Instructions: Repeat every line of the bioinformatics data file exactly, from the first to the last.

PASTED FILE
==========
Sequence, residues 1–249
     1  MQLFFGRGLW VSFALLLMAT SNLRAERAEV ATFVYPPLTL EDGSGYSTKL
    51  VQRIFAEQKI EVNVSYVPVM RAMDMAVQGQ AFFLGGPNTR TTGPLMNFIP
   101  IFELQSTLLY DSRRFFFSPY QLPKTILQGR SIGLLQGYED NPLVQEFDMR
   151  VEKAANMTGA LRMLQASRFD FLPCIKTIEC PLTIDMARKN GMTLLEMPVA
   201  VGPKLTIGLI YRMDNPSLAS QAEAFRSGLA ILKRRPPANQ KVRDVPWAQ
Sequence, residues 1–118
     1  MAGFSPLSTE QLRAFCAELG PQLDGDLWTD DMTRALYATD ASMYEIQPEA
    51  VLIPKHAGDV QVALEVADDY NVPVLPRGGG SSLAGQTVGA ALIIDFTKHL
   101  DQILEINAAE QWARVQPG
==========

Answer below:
Sequence, residues 1–249
     1  MQLFFGRGLW VSFALLLMAT SNLRAERAEV ATFVYPPLTL EDGSGYSTKL
    51  VQRIFAEQKI EVNVSYVPVM RAMDMAVQGQ AFFLGGPNTR TTGPLMNFIP
   101  IFELQSTLLY DSRRFFFSPY QLPKTILQGR SIGLLQGYED NPLVQEFDMR
   151  VEKAANMTGA LRMLQASRFD FLPCIKTIEC PLTIDMARKN GMTLLEMPVA
   201  VGPKLTIGLI YRMDNPSLAS QAEAFRSGLA ILKRRPPANQ KVRDVPWAQ
Sequence, residues 1–118
     1  MAGFSPLSTE QLRAFCAELG PQLDGDLWTD DMTRALYATD ASMYEIQPEA
    51  VLIPKHAGDV QVALEVADDY NVPVLPRGGG SSLAGQTVGA ALIIDFTKHL
   101  DQILEINAAE QWARVQPG